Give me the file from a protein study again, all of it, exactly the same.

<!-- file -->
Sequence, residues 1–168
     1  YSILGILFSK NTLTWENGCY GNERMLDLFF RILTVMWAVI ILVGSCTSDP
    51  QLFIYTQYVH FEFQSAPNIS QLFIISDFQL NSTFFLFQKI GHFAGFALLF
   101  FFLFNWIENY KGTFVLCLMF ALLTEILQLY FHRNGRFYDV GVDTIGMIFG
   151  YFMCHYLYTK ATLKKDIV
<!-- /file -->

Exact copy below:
Sequence, residues 1–168
     1  YSILGILFSK NTLTWENGCY GNERMLDLFF RILTVMWAVI ILVGSCTSDP
    51  QLFIYTQYVH FEFQSAPNIS QLFIISDFQL NSTFFLFQKI GHFAGFALLF
   101  FFLFNWIENY KGTFVLCLMF ALLTEILQLY FHRNGRFYDV GVDTIGMIFG
   151  YFMCHYLYTK ATLKKDIV